Experiment on scrap fabric to get the hang of this easy method for professional results in your hand sewing and embroidery projects requiring dense, beautifully joined blanket stitching.

Sewing Sharp Corners With Blanket Stitch

Sewing Sharp Corners With Blanket Stitch
As you continue your blanket stitch project, you’ll eventually need to navigate some corners. Have no fear – with a few simple techniques, you can stitch perfect right angles every time.

Carefully plan your stitching path before beginning a new corner. Map out where your needle will enter and exit.

Try a corner loop stitch – simply continue your regular spacing into and out of the corner point.

For extra security, add a backstitch at the very corner point before resuming your standard blanket stitch.

Get creative! Vary your spacing or add decorative stitches like french knots only on corners for some pizzazz.

Corner stitching does require precise needle placements, so go slowly, check often, and don’t pull too tight.

What unique corner embellishment will you add to your next project? The design options are endless!

Changing Threads When Blanket Stitching

Changing Threads When Blanket Stitching
When you’re blanket stitching, you’ll want to change threads this way:

First, make sure to choose a thread color that seamlessly transitions with your project.

Once you’ve selected the new thread, start by securing the old thread and concealing the knot between the layers of fabric. Trim off any excess thread close to the knot and push it inside for a neat finish.

Next, bring your needle down through one of the previous stitch holes where you finished stitching with your old thread. This will ensure that there’s no gap or break in your blanket stitch pattern. Then, bring it back up through another hole nearby.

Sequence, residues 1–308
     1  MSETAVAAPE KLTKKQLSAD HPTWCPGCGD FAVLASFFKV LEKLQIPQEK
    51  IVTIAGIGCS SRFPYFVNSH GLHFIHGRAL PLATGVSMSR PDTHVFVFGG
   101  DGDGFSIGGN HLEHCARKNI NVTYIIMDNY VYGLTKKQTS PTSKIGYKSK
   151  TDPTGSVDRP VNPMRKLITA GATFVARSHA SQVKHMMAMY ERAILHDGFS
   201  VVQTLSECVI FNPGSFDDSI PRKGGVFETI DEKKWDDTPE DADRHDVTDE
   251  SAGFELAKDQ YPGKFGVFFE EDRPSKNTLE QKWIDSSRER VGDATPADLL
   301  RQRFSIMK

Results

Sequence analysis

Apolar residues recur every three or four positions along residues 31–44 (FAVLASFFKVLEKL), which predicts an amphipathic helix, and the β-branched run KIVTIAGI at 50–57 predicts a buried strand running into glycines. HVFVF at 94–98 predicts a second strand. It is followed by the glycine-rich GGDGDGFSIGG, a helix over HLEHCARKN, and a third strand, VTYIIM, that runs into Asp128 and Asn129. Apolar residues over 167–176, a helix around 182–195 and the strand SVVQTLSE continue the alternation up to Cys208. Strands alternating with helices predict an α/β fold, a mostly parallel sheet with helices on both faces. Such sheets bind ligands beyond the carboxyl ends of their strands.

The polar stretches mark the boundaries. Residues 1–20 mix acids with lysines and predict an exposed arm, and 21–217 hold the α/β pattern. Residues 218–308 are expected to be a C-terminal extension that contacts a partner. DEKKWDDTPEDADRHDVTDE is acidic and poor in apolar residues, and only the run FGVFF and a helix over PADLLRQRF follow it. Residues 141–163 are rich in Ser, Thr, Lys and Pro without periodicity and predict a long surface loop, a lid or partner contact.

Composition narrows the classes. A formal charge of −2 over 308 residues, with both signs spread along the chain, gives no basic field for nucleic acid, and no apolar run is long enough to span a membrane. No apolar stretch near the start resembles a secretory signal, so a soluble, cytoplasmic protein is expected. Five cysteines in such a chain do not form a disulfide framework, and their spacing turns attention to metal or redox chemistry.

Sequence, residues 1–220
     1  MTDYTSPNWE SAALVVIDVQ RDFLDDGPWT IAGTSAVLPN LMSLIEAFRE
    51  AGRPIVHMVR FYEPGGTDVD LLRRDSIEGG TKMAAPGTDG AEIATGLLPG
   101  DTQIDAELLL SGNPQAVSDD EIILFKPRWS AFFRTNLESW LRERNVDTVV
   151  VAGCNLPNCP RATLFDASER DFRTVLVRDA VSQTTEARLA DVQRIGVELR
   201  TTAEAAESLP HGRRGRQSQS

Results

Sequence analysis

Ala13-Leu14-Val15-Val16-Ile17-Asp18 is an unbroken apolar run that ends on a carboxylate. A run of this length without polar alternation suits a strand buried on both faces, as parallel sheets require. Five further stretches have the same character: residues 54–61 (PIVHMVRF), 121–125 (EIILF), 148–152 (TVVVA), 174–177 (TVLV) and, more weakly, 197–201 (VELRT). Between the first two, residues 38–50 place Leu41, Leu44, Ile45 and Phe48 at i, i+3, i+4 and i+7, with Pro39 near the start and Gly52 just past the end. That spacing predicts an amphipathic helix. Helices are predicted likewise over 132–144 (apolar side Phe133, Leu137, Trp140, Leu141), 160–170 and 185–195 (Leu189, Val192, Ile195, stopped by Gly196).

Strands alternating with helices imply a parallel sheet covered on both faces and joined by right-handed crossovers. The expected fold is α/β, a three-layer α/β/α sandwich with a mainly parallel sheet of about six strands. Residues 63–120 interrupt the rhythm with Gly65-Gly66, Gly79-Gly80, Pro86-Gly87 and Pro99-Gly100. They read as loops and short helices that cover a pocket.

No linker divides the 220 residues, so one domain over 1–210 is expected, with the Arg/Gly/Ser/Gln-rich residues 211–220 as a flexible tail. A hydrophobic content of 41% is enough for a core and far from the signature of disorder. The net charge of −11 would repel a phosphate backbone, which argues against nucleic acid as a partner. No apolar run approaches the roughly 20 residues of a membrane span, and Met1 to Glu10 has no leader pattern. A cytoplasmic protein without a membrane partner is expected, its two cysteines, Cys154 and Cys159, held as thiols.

To maintain stitch consistency throughout this transition process, make sure to match both tension and size of stitches from before changing threads.

Continue working in this manner until all remaining stitches are completed using only your new chosen colored thread for an even look across all sections of sewing work.

Using Blanket Stitch for Applique

Using Blanket Stitch for Applique
How’re you using blanket stitch for applique?

Blanket stitch creates beautiful edges on appliques with dimension and visual interest.

Follow these tips:

  • Use lightweight thread that matches or contrasts nicely with your fabrics.
  • Bring needle up from back between the 2 layers to hide knots.
  • Gently pull thread until a small, even loop forms along the edge.
  • Put needle through the loop and pull towards outer edge for each stitch.
  • Remove pins as you progress; the stitching secures the fabrics.

Experiment with different threads and fabrics when appliqueing – have fun with it!

  • Try variegated threads, metallics, pearls, and more for unique effects.
  • Layer lightweight fabrics in coordinating colors for dimension.
  • Get creative with fusibles if desiring stability.
  • Personalize projects with custom applique shapes or monograms.

The possibilities are endless for embellishing with beautiful blanket stitch!

Blanket Stitch Project Ideas

Blanket Stitch Project Ideas
Since blanket stitch is very versatile, you can use it in many crafting and sewing projects:

Here are some fun blanket stitch project ideas to try:

Project Supplies Tips
Creative Embroidery Embroidery hoop, fabric, embroidery floss Use fun colors and textures when stitching motifs and designs
Whimsical Quilting Quilt top, batting, backing, quilting thread Blanket stitch shapes and images for interesting quilting lines
Festive Tea Towels Tea towels, embroidery floss Personalize with names or holiday motifs
Stylish Felt Toys Felt, embroidery floss, fiberfill Blanket stitch details like faces, clothes, accessories
Decorative Accessories Fabric, ribbon, notions Stitch hats, bags, hair clips, belts, etc.

The dense, non-fraying nature of blanket stitch makes it perfect for finishing crafted items with flair.

Troubleshooting Blanket Stitch Issues

Troubleshooting Blanket Stitch Issues
In regard to working with blanket stitch, you’re likely to come across some common issues that can be easily addressed.

Pay attention to your thread tension – if it’s too tight, the fabric will pucker; if too loose, the stitches will be uneven.

Select an appropriately sized needle for your thread to avoid fraying or skipped stitches.

Work slowly and focus on consistency in your stitch size and placement to keep things neat.

When sewing corners, take care to properly anchor stitches to prevent loosening over time.

If knotting thread ends, hide knots within folded seam allowances rather than on the right side of the project.